Reflections On A Puddle: A Quiet Teacher At Drws I Fyd Arall

20180125 REFLECTION ON A PUDDLE A QUIET TEACHER AT DRWS I FYD ARALLI am back in Capel Curig in north Wales for a while. I’m outside, and have walked the relatively short walk from my little cottage, Tŷ Gwyn (pronounced ‘tee gwin’, meaning White Cottage or White House), to an area that, for years, has been known to me as Drws i fyd arall. It’s raining hard – the ‘gift’ of storm Georgina that is sweeping across the United Kingdom.

Soaked, I sit on a felled log. It’s still about half an hour before sunrise.

‘Drip down, O heavens, from above, and let the clouds pour down…’ Isaiah 45;8a, The Book

And I feel wonderful, expectant, in awe at the two, old, trees in front of me. I sat there looking at these two trees, so different to the others around them, as these two trees had grown in a way that they bowed towards each other to form an arch. As children we noticed this, and I and my friends had called these two arched trees Drws i fyd arall (pronounced ‘droo zi fid arrah’) which means ‘door to another world’. Such was the imagination of us children that we played endless games by jumping through the arched trees, and in our minds eye believed that we found  ourselves in strange new worlds. Star Gate, the tv series, was still many years in the future. We got their first!

For more about Drws I fyd arall in previous articles, see here, and here.

And, now I’m sitting in the middle of this delightful forest, in suitably rain-proofed attire, and though its cold and there’s a great wind – I’m protected from that wind by the high trees around me – but not so from the rain. It’s raining even harder, and I love it.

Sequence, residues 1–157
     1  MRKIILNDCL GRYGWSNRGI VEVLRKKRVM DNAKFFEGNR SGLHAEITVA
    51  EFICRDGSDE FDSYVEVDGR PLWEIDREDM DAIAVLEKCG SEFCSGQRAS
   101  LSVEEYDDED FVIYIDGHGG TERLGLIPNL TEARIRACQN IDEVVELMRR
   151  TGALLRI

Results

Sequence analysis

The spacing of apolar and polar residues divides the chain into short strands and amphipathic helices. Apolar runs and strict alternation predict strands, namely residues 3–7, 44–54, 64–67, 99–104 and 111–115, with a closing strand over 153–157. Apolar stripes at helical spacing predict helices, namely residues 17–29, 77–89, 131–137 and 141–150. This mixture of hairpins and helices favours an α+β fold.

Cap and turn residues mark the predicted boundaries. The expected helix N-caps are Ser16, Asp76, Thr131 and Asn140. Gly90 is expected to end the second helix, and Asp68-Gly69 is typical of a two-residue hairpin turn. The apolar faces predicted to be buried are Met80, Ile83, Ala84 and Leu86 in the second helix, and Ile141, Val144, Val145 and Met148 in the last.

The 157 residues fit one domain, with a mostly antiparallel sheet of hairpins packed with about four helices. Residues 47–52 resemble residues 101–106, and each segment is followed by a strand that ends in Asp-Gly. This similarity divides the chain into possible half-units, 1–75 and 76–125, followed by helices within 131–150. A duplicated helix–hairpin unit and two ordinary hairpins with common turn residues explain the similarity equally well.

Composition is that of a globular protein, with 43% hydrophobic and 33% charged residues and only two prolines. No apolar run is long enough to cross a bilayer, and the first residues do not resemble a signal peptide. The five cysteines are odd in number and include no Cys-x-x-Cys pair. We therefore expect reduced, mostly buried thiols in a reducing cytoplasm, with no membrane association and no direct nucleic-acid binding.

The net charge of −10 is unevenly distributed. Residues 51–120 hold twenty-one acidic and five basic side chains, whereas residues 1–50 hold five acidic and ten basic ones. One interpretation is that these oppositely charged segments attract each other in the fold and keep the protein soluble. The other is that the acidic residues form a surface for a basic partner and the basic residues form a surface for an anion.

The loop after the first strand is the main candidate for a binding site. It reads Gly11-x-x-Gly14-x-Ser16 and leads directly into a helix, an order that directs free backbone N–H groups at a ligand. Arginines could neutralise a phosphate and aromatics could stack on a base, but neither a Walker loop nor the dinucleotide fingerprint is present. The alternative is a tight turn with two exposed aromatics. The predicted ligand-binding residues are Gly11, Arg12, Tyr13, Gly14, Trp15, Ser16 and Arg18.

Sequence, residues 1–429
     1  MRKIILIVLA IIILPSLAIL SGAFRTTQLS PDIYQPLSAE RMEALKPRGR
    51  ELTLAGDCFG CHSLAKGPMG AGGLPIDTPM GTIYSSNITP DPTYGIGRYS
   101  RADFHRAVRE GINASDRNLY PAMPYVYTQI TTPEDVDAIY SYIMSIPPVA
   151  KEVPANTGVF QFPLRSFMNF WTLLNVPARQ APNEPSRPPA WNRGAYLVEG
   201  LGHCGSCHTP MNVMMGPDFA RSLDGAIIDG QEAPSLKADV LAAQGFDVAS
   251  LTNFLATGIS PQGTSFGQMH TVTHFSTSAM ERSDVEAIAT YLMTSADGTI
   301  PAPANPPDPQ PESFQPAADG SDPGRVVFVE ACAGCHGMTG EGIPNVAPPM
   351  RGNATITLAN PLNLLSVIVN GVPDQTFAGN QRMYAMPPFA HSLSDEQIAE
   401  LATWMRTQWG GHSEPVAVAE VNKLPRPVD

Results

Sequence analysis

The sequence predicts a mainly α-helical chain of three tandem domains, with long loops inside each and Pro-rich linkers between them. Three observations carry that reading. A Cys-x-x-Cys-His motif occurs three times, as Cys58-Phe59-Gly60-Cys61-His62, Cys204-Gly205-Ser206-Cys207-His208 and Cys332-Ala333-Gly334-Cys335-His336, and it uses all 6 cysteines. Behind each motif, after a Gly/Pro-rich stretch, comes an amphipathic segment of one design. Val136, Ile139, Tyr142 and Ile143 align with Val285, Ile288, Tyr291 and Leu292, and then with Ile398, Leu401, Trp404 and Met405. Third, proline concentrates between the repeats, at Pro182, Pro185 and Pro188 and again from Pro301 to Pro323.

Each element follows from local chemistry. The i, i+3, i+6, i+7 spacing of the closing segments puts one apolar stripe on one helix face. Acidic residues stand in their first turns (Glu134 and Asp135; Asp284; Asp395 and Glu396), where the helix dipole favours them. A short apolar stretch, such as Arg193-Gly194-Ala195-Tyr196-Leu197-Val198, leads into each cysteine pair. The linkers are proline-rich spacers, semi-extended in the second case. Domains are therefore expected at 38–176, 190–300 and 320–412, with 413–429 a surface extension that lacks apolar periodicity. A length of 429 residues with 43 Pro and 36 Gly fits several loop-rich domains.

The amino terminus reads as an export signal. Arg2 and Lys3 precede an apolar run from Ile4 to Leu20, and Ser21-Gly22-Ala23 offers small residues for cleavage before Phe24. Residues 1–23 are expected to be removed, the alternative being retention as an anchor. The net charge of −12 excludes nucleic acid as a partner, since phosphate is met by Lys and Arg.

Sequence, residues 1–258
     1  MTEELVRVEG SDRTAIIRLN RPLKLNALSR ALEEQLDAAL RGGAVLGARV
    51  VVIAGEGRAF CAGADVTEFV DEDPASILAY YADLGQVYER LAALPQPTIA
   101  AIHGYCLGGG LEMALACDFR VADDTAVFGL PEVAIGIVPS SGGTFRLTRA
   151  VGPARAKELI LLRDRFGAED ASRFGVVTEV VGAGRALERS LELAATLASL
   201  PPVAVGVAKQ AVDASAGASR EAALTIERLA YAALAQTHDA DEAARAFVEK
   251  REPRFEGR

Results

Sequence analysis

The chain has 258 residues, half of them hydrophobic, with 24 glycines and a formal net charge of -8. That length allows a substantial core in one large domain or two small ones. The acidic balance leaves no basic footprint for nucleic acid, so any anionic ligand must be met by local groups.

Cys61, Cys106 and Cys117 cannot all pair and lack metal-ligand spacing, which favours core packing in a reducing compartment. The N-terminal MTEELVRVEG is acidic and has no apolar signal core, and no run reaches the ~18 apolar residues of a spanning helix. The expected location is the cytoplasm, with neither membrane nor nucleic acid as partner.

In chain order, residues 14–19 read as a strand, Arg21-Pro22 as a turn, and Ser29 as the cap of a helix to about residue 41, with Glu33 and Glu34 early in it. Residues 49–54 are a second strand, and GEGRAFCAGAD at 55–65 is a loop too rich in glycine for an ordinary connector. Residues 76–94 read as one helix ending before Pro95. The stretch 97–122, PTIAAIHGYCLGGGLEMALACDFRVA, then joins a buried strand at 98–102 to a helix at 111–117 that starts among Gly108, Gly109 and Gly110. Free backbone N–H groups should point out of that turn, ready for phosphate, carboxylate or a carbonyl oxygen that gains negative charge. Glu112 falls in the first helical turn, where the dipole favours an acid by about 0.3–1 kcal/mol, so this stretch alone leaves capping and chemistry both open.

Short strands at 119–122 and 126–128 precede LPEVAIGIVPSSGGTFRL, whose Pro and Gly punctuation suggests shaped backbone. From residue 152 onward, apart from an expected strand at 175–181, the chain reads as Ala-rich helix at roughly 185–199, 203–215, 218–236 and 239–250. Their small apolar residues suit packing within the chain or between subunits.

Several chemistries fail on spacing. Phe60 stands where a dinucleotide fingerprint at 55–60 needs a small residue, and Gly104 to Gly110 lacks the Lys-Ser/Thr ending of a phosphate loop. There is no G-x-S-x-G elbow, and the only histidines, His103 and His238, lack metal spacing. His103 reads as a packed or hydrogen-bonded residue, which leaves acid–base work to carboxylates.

By my feet, raindrops converge into puddles, multiple puddles and some of them quite deep, and as the puddles fill up with rain some of them join together to form even large puddles around me; and for a moment I am mesmerised by the sight of the rain splashing on the forest floor and into puddles, and by the soothing, continuous, hypnotic patter of fresh, cold, wonderful rain.

‘If there is magic on this planet, it is contained in water.’ Loren Eiseley

As I gaze at the large puddle in front of me, joining with another, and then being  ‘syphoned off’ into a larger deep depression on the ground inches to one side, I spied that water takes on the shape of that which it fills, and reshapes itself umpteen times, yet it still remains water.

‘I find inspiration in the movement of water. Sometimes I think about the journey the water has travelled, reconnecting me to the larger cycles of nature.’ Janet Echelman

How we could learn from water. If you’re like me, it is oh-so-easy to take on board the opinions of others sometimes; to be caught off guard and to be affected by their bad words and actions, and perhaps want to metaphorically strike back; or be adversely affected by ‘bad’ situations. Water is not changed by what it fills. It changes shape, but remains faithful to its nature. It loses nothing. How we could learn from water.

‘I would love to live like a river flows, carried by the surprise of its own unfolding.’ John O’Donohue

Mark Nepo talks of this sort of awareness of nature. He calls them ‘quiet teachers’, for that is what they are: nature opening itself up to human awareness for the connection, which surely already exists, to be made understandable (at least in part) to us, in a quiet, authentic manner

And so this puddle, this ‘quiet teacher’, a puddle at Drws i fyd arall taught me that water adapts to fill the ‘shape’ of its surroundings, but remains faithful to itself.